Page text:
If you’ve ever been to LA and you picture it in your mind, you just need to add some New York and Latin American accents and you’ve got Miami, Florida. As a fog-addled denizen of the San Francisco Bay Area, fond as I am of hot coffee and democracy, it took a science conference to bring me to the Sunshine State. And what a conference. The annual meeting of the College on Problems of Drug Dependence is the conference for seeing and showing results relating to research on illicit drug use. And this year’s conference was rich with preliminary results from studies of MDMA. Choosing which of the many MDMA presentations I should summarize in this limited space was difficult. Here are just a few of the many interesting studies.
M. Tancer of Wayne State University in Detroit presented data from the first few volunteers in an ongoing study of the effects of ambient temperature on people on MDMA. Healthy volunteers were given 2.0 mg/kg MDMA (about 140 mg, probably similar to one-and-a-half or two ecstasy pills) or placebo. So far, it looks like you get similar small body temperature increases from taking 2.0 mg/MDMA in a cold (18˚C, or 64˚F) room as in a warmer (30˚C/86˚F) room. Assuming subsequent volunteers show the same pattern, this suggests moderate doses of MDMA do not produce the difficulty regulating body temperature seen in several studies of rats were given MDMA. One possible explanation is that humans are less vulnerable to body temperature changes than rats because humans can remove any fur we are wearing, can sweat, and have high surface-to-volume ratios.
However, it is also possible that the dose of MDMA was too low to derange body temperature aside from a slight rise due to vasoconstriction. In a rat study, Dafters (1994) found that 2.5 mg/kg MDMA produced an apparent similar rise in temperature in either warm (29˚C/84˚F) or cold (11˚C/52˚F) settings. Higher doses of 5.0 or 7.5 mg/kg were needed to make the animals become cold in the cold setting or hot in the normal setting. The importance of all this research is that increased body temperature can strain the body, possibly increasing risk of toxicity. Many deaths and serious adverse events in ecstasy users involve high (> 38˚C/100˚F) body temperature and we don’t really know how much these cases are due to putative risk factors like too much dancing and too little water. So far, Tancer’s ongoing study seems likely to confirm that moderate doses of MDMA do not impair regulation of body temperature in most people and that humans are not more sensitive than rats to this drug effect.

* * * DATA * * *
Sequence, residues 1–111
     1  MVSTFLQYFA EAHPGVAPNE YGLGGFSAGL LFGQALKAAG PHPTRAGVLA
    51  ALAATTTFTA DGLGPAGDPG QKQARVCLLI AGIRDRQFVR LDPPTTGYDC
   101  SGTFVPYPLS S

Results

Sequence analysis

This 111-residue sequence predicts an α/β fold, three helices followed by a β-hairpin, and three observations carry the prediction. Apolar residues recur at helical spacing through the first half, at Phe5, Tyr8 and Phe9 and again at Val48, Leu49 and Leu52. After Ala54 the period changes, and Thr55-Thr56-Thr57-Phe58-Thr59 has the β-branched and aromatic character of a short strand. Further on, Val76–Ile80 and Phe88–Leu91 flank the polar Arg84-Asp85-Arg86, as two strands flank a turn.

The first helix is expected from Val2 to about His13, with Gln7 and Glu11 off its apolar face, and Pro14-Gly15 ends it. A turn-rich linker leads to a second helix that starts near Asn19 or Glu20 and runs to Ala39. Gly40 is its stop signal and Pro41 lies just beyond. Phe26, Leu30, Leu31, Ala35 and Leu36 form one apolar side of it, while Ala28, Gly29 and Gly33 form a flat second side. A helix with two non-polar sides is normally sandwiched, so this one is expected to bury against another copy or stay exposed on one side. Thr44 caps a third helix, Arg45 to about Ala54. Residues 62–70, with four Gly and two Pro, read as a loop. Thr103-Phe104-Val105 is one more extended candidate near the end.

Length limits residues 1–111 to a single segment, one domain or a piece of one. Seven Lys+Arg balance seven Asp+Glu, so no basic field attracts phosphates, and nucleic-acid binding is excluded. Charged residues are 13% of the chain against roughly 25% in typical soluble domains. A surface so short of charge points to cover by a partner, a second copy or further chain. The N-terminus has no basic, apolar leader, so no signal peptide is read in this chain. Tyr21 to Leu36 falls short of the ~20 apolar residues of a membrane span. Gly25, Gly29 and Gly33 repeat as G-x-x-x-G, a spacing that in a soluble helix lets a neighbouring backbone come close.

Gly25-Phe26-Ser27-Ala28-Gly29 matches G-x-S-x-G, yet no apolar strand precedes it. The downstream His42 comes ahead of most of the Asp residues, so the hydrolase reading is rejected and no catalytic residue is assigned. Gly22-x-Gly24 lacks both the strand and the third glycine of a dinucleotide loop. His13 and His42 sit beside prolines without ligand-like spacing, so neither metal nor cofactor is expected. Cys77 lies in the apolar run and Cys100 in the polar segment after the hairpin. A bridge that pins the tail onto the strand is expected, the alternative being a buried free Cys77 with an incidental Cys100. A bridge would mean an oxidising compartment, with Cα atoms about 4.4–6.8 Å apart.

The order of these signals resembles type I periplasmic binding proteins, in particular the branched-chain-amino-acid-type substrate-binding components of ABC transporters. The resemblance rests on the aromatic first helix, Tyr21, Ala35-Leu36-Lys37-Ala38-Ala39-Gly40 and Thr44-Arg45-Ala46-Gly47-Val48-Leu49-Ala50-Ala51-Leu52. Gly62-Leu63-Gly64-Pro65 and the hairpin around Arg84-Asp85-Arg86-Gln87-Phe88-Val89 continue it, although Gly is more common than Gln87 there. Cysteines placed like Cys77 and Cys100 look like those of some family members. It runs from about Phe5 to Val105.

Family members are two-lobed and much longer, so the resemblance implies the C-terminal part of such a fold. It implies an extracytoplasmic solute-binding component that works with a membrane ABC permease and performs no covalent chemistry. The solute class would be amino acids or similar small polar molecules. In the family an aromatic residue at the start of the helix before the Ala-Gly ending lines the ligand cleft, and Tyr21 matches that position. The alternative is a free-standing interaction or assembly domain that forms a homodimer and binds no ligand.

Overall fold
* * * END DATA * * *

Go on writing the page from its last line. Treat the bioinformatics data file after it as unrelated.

P.Y. Bello and several other collaborators from the French Monitoring Centre on Drugs and Drug Abuse described results from a large French drug analysis program called SINTES (Systeme National d’Identification des Toxiques et Substances). The program obtains samples from both social/health workers and law enforcement and analyzes them with GC/MS and HPLC techniques. Of 1369 samples obtained from social/ health workers, 97% were thought by submitters to contain MDMA. In reality, 83% contained MDMA and 5% contained amphetamines or MDMA-like compounds.
There was wide variability in doses with only 2% of MDMA pills containing more than 100 mg MDMA. Average dose per pill appeared to be decreasing over time. Samples contained 74 +/- 18 mg MDMA in 2000, 63 +/- 14 mg MDMA in 2001, and 58 +/- 13 mg MDMA in 2002. If this trend is true in other European countries, it may have important implications for understanding studies of ecstasy users, who often seem to be taking more tablets than appeared common several years ago. More information of the SINTES program can be found on their website: http://www.ofdt.fr/BDD/sintes.
R.V. Irvine from the University of Adelaide, Australia presented preliminary data from an ongoing study measuring MDMA concentrations, biological changes, and physical changes in 24 ecstasy users before, during, and/or after a rave. Blood samples taken after the rave showed plasma concentrations of MDMA that were often around 0.3 mg/L MDMA. However, several participants had plasma concentrations that were above 0.75 mg/L MDMA. Previously, levels this high have only been documented in emergency medicine settings. These high drug levels are even more impressive when one considers they were seen the morning after the rave and that peak plasma concentrations may have been approximately twice as high. Heart rate and blood pressure were elevated in the morning, although not to a degree that would be inherently dangerous in a healthy individual. MDMA plasma concentrations were significantly correlated with body temperature (measured using the tympanic membrane in the ear), which was at or above 38˚C in two participants during morning measurements. Obviously, exercise may have contributed to all these physiological changes. These data suggest that at least some experienced users can tolerate high MDMA concentrations without clinically significant changes in physiology and that other factors such as drug combinations, behavioral or environmental conditions may be important in precipitating the acute adverse event seen in some users.